15 Nov 2022
By Jack Lifton
The variety of battery powered, and battery assisted (hybrid) motor vehicles available today is the widest yet. But the total number of such vehicles that can be built is limited by two major factors: the availability of the lithium required to manufacture and power the storage batteries necessary for their electric (motor) powertrains; and, the lack of manufacturing facilities for both the vehicles and their batteries. The ultimate limiting factor, however, is not manufacturing capacity, but the limited amount of lithium available through human engineering.
Currently, there are at least one-and-one half billion internal combustion engine-powered motor vehicles globally, used solely for land transportation. Hundreds of millions more of these vehicles sail the oceans and fly in the skies.
Can all of this be replaced by vehicles powered by electric motors, using on-board battery storage?
The “laws” of nature are logical, experimentally “proven” and reaffirmed by computational rules, not just by observations of behavior by selected groups of human beings. Laws of nature can be replaced with improved computation rules that give results more closely aligned with observed data; Einstein’s gravitational theory has replaced Newton’s for that reason.
The “rule” of supply and demand is not a law of nature; it is an action guideline that takes into account how willing human beings are to give up their time, possessions, and promises of future actions (aka, money) in order to obtain a physical good or a service. This is NOT a law of nature, but an observation of our reaction to shortages of goods and services that we deem important.
Human desire may create a demand for a steady supply of natural resources, but it does not create the resources themselves. And technology alone is insufficient in obtaining those supplies.
The availability of natural resources for our use is a function of the following:
- The logistical accessibility of deposits of those resources, i.e., can they be reached by road, rail, or ship?
- Are they of sufficient grade (concentration) for available mechanical and chemical engineering technologies to selectively extract and concentrate them economically enough to be affordable?
- Is there a downstream processing regime (group of technologies) that can economically transform the mineral concentrates into the forms necessary for mass production?
All deposits of the natural resources - upon which we depend - were laid over hundreds of millions, and even billions of years ago. They are not organic; they do not “grow back” in mines.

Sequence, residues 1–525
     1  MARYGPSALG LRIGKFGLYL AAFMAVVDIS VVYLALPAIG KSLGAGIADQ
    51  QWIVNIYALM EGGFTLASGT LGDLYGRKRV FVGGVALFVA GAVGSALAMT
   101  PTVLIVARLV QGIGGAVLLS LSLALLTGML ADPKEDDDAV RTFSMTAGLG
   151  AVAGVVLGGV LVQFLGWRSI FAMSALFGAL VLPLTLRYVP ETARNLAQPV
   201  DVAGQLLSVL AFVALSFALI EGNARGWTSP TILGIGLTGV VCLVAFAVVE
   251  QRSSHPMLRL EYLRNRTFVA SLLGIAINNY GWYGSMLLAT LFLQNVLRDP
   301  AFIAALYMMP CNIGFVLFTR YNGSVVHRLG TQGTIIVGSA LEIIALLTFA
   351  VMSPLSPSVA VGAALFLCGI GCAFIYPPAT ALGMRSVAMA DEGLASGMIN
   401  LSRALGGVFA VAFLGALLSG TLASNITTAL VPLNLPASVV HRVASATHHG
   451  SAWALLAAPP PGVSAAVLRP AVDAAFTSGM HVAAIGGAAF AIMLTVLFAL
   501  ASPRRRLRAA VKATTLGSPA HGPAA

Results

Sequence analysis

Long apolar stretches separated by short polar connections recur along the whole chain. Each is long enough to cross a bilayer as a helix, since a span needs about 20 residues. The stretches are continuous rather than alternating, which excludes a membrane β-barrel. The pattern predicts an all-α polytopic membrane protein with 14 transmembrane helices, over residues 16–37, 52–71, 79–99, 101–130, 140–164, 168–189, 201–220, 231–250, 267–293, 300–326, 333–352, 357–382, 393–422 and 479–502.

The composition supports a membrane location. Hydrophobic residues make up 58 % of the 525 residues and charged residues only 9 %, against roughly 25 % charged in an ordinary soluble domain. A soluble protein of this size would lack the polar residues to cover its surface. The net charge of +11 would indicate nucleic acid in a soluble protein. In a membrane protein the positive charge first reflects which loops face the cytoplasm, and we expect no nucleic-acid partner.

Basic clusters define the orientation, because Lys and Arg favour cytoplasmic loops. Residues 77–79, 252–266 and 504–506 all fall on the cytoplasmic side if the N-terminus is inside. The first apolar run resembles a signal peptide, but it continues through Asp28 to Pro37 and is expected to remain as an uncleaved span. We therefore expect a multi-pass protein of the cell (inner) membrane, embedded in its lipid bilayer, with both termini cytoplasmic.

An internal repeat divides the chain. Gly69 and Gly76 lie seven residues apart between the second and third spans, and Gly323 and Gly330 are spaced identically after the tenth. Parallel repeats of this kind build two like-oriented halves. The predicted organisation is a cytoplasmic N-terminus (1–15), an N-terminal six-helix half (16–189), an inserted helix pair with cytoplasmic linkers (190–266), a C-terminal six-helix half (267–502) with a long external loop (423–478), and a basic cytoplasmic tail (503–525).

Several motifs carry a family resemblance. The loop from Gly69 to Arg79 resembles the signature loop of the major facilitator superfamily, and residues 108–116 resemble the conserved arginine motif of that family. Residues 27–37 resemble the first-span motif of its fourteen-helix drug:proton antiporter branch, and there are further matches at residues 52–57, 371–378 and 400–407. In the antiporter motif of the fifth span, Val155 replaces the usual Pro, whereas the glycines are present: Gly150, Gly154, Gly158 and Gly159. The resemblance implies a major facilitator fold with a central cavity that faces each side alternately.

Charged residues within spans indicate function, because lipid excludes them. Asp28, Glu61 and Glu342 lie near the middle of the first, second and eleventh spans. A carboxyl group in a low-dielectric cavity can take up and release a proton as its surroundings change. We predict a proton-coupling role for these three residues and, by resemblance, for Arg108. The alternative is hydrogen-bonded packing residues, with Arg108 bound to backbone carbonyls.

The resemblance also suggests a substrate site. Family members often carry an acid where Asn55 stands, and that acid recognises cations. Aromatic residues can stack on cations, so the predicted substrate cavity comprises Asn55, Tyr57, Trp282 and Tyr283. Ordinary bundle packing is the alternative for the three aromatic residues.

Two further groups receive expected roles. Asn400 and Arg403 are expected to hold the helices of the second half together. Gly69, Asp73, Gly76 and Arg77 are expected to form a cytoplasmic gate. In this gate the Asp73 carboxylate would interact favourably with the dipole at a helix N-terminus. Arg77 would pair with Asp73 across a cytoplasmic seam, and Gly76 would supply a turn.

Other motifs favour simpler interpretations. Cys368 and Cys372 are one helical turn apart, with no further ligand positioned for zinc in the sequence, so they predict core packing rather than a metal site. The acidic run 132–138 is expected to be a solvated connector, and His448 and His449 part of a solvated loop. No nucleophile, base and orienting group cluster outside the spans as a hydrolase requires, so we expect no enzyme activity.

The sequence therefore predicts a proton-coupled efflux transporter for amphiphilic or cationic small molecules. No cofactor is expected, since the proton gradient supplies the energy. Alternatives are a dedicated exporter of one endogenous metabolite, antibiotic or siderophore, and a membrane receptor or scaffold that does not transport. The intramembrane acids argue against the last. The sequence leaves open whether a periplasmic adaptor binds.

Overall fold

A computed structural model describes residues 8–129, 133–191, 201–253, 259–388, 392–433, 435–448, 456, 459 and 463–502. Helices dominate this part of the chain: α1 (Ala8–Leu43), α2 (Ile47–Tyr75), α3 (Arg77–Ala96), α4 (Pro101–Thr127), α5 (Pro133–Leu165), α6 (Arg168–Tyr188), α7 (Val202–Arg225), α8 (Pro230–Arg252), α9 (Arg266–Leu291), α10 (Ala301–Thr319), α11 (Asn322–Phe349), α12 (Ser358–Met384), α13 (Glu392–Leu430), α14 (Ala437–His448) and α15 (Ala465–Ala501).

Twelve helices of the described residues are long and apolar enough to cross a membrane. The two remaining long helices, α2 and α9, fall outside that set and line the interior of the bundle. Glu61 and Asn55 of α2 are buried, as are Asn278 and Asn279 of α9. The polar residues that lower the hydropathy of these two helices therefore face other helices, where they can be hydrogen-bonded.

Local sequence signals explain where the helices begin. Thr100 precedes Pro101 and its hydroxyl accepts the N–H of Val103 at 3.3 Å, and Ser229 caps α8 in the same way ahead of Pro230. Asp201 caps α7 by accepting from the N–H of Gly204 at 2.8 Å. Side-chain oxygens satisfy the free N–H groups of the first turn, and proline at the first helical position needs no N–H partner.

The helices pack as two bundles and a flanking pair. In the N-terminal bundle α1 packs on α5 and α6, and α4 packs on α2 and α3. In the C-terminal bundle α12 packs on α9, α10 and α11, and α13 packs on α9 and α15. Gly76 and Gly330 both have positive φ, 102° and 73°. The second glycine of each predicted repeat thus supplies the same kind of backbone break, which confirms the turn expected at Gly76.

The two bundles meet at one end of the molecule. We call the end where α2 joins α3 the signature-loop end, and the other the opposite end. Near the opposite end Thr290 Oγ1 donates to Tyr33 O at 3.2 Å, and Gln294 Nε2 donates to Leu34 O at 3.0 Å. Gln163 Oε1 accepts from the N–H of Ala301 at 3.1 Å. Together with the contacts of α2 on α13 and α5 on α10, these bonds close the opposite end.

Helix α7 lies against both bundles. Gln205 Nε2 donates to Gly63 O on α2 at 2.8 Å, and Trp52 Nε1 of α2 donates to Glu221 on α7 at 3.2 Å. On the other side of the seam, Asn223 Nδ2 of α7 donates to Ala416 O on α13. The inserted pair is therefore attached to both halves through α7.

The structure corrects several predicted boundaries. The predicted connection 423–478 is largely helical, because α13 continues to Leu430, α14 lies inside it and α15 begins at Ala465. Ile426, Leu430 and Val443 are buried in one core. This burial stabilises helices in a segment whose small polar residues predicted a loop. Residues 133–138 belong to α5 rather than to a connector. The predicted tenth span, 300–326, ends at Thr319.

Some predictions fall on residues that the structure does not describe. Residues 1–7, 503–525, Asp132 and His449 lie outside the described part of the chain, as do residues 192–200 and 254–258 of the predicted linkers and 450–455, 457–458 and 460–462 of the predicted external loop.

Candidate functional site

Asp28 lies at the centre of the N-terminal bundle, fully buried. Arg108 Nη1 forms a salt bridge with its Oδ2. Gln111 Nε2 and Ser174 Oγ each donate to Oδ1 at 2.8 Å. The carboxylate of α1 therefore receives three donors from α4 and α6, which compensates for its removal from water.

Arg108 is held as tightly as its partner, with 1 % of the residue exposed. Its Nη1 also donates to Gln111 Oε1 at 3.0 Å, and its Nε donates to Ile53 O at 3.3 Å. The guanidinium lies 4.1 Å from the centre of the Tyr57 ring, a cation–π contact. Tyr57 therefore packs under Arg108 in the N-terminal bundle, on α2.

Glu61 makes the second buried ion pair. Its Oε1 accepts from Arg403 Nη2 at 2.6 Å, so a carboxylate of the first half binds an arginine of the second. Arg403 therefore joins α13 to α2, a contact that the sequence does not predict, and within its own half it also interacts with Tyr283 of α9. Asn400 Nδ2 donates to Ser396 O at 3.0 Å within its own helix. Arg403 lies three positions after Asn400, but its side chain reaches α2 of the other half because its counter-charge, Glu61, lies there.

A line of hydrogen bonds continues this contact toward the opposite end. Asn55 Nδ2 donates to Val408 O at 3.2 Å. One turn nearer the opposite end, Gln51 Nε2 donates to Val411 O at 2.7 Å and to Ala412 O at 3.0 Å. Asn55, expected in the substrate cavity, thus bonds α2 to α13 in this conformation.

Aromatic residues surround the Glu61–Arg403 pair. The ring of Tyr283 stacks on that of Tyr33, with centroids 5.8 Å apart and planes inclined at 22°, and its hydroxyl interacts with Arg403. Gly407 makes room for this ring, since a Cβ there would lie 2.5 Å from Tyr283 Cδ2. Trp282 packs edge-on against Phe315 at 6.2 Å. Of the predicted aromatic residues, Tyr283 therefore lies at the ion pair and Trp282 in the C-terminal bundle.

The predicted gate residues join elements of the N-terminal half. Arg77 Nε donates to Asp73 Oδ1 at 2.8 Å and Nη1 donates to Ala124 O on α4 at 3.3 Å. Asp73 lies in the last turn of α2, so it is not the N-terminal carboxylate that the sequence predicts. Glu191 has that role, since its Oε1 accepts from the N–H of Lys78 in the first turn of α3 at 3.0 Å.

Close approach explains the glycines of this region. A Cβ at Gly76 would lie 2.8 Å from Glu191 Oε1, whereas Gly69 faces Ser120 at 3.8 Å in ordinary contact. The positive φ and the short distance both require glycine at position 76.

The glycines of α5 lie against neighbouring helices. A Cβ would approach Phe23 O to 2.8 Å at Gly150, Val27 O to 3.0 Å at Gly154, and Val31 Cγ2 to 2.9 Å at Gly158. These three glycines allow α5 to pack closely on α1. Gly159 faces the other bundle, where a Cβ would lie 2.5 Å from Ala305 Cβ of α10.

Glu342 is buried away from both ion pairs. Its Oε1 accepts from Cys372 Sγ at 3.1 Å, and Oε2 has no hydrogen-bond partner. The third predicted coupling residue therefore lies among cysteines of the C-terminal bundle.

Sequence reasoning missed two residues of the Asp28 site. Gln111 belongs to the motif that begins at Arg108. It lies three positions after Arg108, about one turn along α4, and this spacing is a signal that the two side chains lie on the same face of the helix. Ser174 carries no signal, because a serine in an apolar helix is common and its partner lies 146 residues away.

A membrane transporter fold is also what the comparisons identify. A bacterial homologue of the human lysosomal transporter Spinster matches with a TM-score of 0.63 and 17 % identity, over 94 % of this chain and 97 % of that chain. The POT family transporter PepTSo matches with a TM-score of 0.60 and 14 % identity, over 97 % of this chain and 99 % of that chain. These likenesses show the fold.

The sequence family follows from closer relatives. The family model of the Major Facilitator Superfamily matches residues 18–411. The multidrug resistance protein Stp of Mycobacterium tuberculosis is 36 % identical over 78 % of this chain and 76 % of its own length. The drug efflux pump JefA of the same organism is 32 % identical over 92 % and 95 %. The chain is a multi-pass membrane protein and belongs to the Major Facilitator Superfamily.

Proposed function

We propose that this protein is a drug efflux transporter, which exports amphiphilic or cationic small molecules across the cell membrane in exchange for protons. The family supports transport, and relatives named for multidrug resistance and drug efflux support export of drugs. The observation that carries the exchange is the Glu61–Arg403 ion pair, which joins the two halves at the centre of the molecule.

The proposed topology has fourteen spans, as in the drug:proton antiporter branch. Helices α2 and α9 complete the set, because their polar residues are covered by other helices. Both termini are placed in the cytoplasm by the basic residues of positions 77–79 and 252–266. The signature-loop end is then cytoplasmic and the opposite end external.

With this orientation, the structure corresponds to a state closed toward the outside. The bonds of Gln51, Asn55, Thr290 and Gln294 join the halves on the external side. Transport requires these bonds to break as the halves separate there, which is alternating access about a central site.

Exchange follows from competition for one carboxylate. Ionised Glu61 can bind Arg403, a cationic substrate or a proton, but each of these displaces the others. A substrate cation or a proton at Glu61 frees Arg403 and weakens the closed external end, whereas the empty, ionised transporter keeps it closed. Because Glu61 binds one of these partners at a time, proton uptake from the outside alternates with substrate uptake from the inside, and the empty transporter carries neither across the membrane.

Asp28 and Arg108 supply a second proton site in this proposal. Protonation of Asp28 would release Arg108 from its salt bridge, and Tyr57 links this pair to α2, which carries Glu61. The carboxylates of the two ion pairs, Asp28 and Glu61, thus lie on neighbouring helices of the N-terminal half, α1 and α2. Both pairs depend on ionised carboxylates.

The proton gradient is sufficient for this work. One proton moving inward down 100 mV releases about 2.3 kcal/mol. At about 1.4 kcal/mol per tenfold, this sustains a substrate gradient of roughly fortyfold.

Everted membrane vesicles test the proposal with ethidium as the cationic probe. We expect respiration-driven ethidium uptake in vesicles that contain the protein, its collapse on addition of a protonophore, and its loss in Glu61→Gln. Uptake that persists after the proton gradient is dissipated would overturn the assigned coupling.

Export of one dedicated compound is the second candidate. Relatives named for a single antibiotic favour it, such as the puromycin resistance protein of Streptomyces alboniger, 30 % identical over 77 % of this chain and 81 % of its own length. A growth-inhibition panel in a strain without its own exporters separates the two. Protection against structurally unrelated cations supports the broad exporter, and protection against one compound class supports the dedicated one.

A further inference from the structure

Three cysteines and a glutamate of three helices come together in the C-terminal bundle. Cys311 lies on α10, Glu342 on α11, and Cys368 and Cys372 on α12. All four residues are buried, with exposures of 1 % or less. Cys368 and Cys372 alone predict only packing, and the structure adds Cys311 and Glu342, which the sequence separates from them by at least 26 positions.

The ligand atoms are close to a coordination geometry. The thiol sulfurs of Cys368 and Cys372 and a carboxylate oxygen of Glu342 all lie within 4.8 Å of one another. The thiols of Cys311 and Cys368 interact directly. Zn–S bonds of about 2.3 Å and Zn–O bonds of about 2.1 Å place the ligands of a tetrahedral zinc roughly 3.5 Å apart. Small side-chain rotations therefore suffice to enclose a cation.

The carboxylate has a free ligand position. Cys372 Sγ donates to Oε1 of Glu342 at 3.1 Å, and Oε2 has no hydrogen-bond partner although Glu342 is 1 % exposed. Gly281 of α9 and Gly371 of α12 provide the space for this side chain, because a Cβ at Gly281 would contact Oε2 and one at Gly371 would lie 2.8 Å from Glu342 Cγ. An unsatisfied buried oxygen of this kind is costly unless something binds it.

The easiest deposits to work are those of the highest grade of the desired element; these also have the least “contaminants” of other related elements (those that must be removed to purify the desired resource into a useful form).
When planning for mass producing a consumer good that requires a specific natural resource, the only factor that counts is cost. It must be worth the capital deployed to recover and process the natural resource. Capital must be repaid through wealth creation. If it’s simply wasted in a rational society, it will eventually run out.
Government subsidies are merely a way of socializing waste of capital (what government powers refer to as “investment). Inevitably, it’s the elites who always seem to benefit from the subsidies; they tend to own those perpetually non-going concerns covered by the subsidies. There is no scheme in the green universe to repay the capital.
The reality is this: There is NOT sufficient lithium accessible or available, on an economic scale, to replace more than a fraction of the transportation fleets of today, much less those of tomorrow. Decreasing availability of fossil fuels feeds deglobalization. Witness the Chinese leaders who long ago recognized the West’s propensity for cultural suicide, and can think of nothing better than granting the green wishes. China has more than enough lithium it needs for its domestic use. It’s using that monopoly to dominate the global solar panel manufacturing and wind turbine industries.
Who will survive the cull? The internal combustion engines (ICE) industry will thrive, while electric vehicles (EV’s) will continue to get increasingly expensive, as the infrastructure to support them fails to appear. The price for lithium itself is already too high to sustain the mass production of affordable EVs. Lithium prices will come down eventually. In turn, however, we’ll see the demise of unsubsidized low-grade production, prompting an ICE/EV production equilibrium (likely within this decade). Oil prices will also decline as production resumes, helping the energy economy recover its normal path. The law of supply and demand can be applied to money, but not to wealth or value. Their creation is limited by the supply of resources, productivity, and innovation.
Jack Lifton serves as a consultant and technical advisor to One World Lithium, which is developing an advanced direct lithium extraction (DLE) process for the extraction and separation of lithium from natural brines, directly generating lithium carbonate. His company, Jack Lifton LLC, advises governmental agencies, both at home and abroad, on metals industries supply chain issues, as well as engaging in extensive due diligence on mining, refining, and the fabrication of metals for financial institutions globally.
One World Lithium | oneworldlithium.com